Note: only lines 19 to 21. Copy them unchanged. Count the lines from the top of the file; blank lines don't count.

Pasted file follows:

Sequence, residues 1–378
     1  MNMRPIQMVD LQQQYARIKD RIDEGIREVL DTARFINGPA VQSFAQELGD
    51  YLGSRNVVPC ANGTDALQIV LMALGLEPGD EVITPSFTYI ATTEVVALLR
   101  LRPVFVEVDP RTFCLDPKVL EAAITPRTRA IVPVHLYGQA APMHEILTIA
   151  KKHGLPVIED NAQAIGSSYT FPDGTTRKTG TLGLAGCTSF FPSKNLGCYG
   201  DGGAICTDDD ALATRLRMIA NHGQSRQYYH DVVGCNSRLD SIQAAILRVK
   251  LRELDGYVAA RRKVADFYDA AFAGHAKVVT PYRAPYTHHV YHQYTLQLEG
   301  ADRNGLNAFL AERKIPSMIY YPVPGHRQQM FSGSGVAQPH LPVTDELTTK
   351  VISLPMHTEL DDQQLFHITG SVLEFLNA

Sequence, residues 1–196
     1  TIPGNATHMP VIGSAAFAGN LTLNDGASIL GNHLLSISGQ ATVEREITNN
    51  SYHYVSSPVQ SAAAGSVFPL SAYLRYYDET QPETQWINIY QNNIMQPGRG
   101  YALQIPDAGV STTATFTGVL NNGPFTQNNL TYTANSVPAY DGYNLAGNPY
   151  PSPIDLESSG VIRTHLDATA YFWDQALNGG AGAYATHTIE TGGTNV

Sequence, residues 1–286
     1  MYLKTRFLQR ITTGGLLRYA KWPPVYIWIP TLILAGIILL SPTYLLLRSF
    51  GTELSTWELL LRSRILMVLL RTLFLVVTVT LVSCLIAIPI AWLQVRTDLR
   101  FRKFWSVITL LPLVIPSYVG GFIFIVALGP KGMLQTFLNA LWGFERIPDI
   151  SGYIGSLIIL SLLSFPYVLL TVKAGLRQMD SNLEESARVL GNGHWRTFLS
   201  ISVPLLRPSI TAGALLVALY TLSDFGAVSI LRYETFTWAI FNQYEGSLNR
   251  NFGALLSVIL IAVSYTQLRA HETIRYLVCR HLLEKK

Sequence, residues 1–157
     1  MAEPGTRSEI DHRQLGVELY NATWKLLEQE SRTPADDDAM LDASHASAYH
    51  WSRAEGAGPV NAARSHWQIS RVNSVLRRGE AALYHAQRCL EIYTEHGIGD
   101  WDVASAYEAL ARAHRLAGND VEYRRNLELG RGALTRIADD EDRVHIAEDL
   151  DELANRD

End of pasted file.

   151  SGYIGSLIIL SLLSFPYVLL TVKAGLRQMD SNLEESARVL GNGHWRTFLS
   201  ISVPLLRPSI TAGALLVALY TLSDFGAVSI LRYETFTWAI FNQYEGSLNR
   251  NFGALLSVIL IAVSYTQLRA HETIRYLVCR HLLEKK